Watch out for backfiring incentives

Incentives must be among the most common sales and marketing tactics around, whether they are used in the B2B or consumer space – or even in the family home (if you eat your sprouts you can stay up till 8pm!) – the incentive has likely been in use since the dawn of speech.

MeercatWithout even visiting my trusty Google search bar I can name a number of examples from the marketing world:

  • The annoying BOGOF double glazing salesmanYou buy one, you get one free! (if you’ve missed this highly irritating advert well done, I definitely wouldn’t recommend that you click the link...)
  • The free Meerkova toy given to any person who makes a purchase through Compare the Meerka..sorry Market .com
  • The 100gb of free space my client EVault is offering businesses that purchase a backup solution from its partner network.

But just because incentives seem to work, it doesn’t mean marketers should throw incentives around willy-nilly. In fact, there is a school of thought that suggests incentives, when not presented correctly, can negatively affect marketing campaigns.

One person who has dared to express such thoughts is Priya Raghubir, a social scientist who conducted an experiment to find out whether a bonus or incentive can reduce the desirability of the original product. At this stage in the blog you probably won’t be surprised to find that it can. In Raghubir’s experiment a pearl bracelet was offered alone or as a freebie when a person purchased a bottle of alcohol. When asked to guess what the value of the bracelet was, those who saw it bundled with the booze came to the conclusion that it was worth approximately 35% less than those who saw it as a stand-alone product.

So what can we do to combat this, the sceptical nature of human beings? How can we stop people from assuming that there must be something wrong with the product, or that the business is finding it hard to shift stock?

One answer is to remove the opportunity for assumption. Don’t let people guess the value of the product, tell them. So, instead of offering a second free piece of software when a business application is purchased, point out what the end user would have to pay if the two were purchased separately. Do this and you will better communicate the value and importance of the product offer.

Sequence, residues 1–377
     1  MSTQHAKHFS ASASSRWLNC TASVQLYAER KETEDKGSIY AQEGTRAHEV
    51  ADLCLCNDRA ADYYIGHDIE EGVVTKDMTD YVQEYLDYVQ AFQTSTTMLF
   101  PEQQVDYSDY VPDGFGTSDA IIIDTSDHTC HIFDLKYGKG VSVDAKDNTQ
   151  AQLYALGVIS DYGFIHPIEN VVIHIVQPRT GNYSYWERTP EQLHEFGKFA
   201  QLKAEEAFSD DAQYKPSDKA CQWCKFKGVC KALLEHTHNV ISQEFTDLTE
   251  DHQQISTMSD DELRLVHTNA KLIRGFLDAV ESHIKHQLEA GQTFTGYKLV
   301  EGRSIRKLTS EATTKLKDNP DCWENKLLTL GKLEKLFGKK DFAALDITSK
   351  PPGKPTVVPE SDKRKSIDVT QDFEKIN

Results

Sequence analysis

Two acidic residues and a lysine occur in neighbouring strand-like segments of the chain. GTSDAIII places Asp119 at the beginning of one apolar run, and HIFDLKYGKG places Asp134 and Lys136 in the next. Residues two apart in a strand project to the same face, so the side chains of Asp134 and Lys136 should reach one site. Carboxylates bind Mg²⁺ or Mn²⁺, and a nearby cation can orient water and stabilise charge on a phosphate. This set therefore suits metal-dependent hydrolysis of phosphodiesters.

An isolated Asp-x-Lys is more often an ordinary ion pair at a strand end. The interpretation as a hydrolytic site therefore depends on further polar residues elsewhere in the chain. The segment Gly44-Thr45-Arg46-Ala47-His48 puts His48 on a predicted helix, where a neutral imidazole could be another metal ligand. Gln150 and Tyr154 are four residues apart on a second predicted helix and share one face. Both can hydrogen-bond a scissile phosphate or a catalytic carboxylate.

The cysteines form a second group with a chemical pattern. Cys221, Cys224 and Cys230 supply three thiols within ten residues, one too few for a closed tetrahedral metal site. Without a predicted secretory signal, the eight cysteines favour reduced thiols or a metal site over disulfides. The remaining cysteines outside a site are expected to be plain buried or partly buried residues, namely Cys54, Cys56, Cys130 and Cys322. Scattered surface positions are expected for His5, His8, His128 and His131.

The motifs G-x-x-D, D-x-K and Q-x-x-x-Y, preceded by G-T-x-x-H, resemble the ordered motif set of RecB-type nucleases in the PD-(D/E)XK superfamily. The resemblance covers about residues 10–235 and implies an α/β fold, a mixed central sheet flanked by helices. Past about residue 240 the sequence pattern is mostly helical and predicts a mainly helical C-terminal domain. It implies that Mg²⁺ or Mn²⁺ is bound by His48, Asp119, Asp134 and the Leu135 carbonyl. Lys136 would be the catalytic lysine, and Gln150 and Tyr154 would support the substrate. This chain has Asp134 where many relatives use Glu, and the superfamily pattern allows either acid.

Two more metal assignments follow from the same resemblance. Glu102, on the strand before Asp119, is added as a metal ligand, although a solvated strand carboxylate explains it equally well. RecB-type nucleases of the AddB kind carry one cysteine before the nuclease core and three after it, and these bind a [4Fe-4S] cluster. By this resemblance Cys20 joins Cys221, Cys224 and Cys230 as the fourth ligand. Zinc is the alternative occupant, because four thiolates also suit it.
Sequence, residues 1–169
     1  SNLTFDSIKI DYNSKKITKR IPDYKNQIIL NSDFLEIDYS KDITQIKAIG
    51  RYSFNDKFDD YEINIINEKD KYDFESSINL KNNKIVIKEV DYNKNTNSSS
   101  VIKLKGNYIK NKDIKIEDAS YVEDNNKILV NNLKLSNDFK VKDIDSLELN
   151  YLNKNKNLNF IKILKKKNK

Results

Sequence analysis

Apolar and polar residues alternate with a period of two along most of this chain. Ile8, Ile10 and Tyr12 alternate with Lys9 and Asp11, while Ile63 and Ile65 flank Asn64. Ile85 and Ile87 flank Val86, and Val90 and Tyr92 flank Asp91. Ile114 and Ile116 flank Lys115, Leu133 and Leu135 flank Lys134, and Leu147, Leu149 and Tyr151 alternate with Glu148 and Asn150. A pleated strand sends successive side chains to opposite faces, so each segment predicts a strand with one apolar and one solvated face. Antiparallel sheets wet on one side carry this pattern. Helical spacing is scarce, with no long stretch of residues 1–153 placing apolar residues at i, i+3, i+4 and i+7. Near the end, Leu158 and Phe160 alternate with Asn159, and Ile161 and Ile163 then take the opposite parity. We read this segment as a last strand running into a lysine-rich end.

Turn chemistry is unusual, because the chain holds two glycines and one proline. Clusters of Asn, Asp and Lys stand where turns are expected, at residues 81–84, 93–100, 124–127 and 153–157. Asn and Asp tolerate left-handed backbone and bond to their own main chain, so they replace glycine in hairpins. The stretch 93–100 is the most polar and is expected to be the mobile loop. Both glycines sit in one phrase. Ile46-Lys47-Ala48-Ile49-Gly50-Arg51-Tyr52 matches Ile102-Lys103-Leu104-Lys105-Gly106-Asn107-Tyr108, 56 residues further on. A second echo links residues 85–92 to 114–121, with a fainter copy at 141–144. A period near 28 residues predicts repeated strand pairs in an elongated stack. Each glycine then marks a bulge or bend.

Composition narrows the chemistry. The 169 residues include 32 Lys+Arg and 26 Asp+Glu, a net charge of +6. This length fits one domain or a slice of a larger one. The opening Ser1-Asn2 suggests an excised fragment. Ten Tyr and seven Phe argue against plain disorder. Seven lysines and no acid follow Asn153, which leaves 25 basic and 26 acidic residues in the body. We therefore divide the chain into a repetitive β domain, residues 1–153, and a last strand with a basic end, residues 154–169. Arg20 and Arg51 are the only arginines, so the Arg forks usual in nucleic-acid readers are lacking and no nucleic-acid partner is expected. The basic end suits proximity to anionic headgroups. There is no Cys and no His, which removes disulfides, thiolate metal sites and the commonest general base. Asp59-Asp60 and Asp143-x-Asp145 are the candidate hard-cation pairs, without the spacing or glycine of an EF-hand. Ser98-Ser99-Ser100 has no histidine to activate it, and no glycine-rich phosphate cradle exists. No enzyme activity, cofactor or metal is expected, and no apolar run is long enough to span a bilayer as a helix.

For example:

Buy our sales intelligence software and receive free data backup would become Buy our sales intelligence software and receive data backup worth £50 per gb.

Of course such strategies can be applied throughout your life, not just when convincing Joe Public to purchase a product or solution. Let people know that you will give them your time, giving up your own to help them finish a project and that this will cost you, but that you’re always happy to help. This can make you appear more valuable in the eyes of your colleagues.


Neither the BOGOF man nor Compare the Market applied this principle (although it would be interesting to find out whether more people would want a fluffy Russian toy if they knew it was worth £10... ) but here are some of the companies that did:

What do you think? Do the items in the list above appeal more because of the perceived value? Let us know.

If you work in a marketing department and are interested in learning more, why not register here for one of our free seminars on the science of digital marketing?